MMA: Bellator Changes Rules Regarding Tournament Winners

Kyle SymesCorrespondent IIIJune 12, 2014

Jun 19, 2013; Thackerville, OK, USA; Bellator chief executive officer Bjorn Rebney watches during BFC 96 at the WinStar World Casino. Mandatory Credit: Kevin Jairaj-USA TODAY Sports

Bellator is still home to "the toughest tournament in sports," but that tournament is getting a few adjustments.

According to Luke Thomas of, Bellator tournament winners will no longer have to re-enter a tournament in order to get a title shot. Tournament winners will still receive all the benefits ($100,000 check and a title shot) they previously enjoyed, but will now also join a group of fighters who can receive title shots without entering another tournament.

For example, Michael Chandler won't need to enter another lightweight tournament in order to get another crack at Eddie Alvarez or Will Brooks.  Chandler can compete in a number of non-tournament fights against both tournament winners, and against guys who haven't won a tournament.

Exactly when these fighters receive their title fights will be up to Bellator's discretion.

This method of qualifying for a title shot only counts for those fighters who have previously won a Bellator tournament.

Bellator likely made this ruling due to the scrutiny they received after giving Chandler and Pat Curran immediate rematches rather than having those fighters enter another tournament. It gives the promotion a little more flexibility with their championship bouts as they are no longer saddled to tournament winners if another option comes up.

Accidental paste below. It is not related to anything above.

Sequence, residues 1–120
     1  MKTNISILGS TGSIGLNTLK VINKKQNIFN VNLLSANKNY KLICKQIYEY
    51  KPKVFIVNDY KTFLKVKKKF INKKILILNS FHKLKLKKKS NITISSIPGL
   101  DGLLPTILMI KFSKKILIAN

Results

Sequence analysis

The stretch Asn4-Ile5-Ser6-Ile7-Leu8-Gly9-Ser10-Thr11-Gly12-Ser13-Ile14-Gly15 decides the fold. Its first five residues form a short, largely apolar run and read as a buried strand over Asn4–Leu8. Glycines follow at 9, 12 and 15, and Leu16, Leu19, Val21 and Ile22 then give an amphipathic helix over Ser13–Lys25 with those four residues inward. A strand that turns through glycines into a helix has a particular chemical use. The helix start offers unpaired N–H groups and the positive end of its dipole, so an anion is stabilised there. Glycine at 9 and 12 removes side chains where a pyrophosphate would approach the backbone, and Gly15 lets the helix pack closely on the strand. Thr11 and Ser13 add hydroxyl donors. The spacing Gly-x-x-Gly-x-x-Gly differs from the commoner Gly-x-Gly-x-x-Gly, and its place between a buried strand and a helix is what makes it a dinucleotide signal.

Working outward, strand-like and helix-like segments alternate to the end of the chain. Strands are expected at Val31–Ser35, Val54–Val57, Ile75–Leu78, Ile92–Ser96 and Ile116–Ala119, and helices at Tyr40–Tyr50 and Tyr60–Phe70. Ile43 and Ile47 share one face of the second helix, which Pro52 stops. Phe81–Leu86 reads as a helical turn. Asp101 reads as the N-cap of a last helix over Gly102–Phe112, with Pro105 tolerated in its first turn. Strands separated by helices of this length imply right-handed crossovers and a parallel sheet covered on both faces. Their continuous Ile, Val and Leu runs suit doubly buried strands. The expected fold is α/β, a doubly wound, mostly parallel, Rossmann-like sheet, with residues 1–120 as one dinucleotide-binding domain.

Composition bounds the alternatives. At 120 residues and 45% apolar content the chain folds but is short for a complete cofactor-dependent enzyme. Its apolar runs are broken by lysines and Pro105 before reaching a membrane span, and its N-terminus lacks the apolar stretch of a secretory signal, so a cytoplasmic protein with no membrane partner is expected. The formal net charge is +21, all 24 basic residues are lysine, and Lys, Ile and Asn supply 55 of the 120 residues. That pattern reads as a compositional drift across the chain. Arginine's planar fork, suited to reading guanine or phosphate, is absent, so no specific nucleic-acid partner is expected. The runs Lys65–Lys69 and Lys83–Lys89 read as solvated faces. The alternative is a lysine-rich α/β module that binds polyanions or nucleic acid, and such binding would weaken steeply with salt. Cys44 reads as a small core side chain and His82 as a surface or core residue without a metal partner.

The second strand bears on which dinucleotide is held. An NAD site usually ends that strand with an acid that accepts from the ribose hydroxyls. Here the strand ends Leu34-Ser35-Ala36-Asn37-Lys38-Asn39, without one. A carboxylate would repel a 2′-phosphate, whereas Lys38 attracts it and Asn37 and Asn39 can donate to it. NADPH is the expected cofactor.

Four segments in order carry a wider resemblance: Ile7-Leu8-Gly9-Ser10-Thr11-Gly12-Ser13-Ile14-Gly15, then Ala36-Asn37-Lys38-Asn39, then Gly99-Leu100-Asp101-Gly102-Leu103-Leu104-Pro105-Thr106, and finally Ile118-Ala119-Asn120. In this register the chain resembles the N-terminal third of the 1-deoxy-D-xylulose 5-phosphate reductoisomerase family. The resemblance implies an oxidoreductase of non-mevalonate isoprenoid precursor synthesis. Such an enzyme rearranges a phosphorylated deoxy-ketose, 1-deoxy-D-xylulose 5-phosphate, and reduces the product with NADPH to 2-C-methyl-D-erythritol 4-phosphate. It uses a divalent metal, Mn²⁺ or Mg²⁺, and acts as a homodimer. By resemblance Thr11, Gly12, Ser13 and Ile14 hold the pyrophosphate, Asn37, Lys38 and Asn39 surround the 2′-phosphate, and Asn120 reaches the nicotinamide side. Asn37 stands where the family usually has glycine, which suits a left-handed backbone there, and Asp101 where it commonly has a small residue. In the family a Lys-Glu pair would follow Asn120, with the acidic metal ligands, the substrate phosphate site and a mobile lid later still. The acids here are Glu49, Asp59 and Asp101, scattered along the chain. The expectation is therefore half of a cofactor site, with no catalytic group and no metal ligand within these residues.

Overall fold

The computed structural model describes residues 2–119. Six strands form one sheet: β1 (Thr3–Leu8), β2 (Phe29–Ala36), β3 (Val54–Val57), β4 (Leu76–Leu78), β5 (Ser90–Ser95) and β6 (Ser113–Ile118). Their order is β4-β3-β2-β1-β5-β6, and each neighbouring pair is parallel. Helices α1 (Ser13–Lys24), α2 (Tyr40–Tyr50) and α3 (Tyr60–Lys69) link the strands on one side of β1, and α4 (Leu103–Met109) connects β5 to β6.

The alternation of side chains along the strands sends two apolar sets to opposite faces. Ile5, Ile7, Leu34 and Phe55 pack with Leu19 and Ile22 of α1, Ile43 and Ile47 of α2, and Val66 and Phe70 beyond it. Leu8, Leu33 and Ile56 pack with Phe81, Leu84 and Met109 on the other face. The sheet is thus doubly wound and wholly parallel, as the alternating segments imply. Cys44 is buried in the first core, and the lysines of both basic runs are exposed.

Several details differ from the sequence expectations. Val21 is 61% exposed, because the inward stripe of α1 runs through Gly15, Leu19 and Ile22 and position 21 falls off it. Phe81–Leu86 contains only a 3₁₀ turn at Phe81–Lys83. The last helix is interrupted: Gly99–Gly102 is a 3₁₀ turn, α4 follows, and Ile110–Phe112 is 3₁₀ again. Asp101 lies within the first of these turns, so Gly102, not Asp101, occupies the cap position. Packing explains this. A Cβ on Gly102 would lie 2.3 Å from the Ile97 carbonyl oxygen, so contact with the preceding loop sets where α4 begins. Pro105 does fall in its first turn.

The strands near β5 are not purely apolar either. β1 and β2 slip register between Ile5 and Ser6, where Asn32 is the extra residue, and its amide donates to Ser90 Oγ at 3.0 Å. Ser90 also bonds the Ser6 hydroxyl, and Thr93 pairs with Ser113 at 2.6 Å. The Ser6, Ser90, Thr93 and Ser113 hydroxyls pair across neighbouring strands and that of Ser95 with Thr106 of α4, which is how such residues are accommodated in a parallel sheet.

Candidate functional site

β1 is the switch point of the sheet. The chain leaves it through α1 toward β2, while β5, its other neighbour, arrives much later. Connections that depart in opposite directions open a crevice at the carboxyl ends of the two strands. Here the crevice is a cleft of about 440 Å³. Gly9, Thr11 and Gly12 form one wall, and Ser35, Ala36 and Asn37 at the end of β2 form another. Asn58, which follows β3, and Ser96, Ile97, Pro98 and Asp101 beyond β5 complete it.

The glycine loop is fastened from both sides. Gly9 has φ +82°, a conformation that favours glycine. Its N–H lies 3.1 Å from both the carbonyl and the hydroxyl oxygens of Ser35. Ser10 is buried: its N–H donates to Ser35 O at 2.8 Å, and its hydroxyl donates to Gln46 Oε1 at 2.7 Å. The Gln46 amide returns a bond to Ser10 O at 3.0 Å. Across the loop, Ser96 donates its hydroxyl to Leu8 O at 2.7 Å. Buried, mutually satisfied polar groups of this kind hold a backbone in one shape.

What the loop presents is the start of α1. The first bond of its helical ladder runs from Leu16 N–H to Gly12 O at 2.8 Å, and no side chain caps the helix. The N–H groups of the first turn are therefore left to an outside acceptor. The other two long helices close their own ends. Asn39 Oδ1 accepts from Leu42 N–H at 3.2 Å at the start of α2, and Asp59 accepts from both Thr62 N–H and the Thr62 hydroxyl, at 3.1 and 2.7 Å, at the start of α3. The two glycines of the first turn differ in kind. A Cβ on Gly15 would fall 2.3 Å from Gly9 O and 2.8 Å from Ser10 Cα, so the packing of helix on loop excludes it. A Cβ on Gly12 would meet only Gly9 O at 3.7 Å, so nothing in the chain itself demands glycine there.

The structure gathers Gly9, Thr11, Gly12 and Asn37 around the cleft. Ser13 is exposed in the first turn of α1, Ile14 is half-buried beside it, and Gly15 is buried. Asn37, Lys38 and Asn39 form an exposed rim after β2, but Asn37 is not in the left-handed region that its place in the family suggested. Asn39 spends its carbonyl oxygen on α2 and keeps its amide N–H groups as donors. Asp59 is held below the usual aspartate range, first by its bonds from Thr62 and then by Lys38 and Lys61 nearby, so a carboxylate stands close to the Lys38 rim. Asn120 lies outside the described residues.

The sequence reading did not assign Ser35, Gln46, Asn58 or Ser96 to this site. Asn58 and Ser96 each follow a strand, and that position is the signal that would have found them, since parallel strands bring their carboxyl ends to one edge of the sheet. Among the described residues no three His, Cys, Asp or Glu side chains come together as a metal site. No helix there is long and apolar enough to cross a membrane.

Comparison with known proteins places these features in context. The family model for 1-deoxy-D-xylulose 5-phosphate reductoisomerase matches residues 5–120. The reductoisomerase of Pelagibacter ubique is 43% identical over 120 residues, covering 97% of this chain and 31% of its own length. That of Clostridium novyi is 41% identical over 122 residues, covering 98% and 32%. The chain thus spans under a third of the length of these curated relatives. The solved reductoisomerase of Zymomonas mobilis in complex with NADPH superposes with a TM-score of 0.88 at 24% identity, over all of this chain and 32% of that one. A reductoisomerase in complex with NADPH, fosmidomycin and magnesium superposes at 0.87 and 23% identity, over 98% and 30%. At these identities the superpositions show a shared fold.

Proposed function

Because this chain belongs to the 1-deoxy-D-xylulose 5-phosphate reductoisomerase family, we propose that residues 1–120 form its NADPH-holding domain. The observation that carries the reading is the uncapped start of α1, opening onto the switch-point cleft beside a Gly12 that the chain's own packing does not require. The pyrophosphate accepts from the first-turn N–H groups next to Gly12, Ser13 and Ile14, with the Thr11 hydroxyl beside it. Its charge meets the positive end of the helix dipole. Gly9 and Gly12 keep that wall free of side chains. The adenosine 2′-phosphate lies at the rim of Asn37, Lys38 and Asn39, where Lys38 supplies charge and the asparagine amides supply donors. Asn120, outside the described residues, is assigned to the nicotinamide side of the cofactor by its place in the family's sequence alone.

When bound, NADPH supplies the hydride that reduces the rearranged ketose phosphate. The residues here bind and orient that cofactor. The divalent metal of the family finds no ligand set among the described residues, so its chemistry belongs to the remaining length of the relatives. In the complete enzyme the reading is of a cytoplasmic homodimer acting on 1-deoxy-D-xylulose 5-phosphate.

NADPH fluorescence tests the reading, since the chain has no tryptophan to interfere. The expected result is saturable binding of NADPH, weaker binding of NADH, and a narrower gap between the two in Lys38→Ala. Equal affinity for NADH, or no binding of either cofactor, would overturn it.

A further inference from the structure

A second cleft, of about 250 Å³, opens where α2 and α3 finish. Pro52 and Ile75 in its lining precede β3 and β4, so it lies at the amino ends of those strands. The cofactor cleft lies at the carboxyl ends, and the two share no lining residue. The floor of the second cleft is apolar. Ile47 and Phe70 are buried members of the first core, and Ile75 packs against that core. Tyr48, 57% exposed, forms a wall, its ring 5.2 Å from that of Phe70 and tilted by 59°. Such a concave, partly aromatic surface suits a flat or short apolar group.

It's also a move that could lead to some major logjams in Bellator's divisions.

We've seen a few fighters win a tournament only to be injured prior to receiving a title shot. Take for example the case of Patricio Freire. After winning the Bellator Season 4 featherweight tournament at Bellator 47, Freire would injure his hand and be forced out of his scheduled title shot.

In response, Bellator held a "Summer Series" tournament that saw Curran earn a title shot. He successfully won the title and would go on to defend against Freire. But that wasn't until Bellator 85 in January 2013, nearly two years after Freire earned his title shot.

What happens when there are a number of tournament winners looking for their title shots but a more marketable fighter picks up a few wins? How does Bellator justify giving it to one guy over the other?

The move should allow the promotion to put on more "fan friendly" matchups as they continue to look into the pay-per-view side of MMA. But hopefully these match-ups don't lead to divisions being tied up.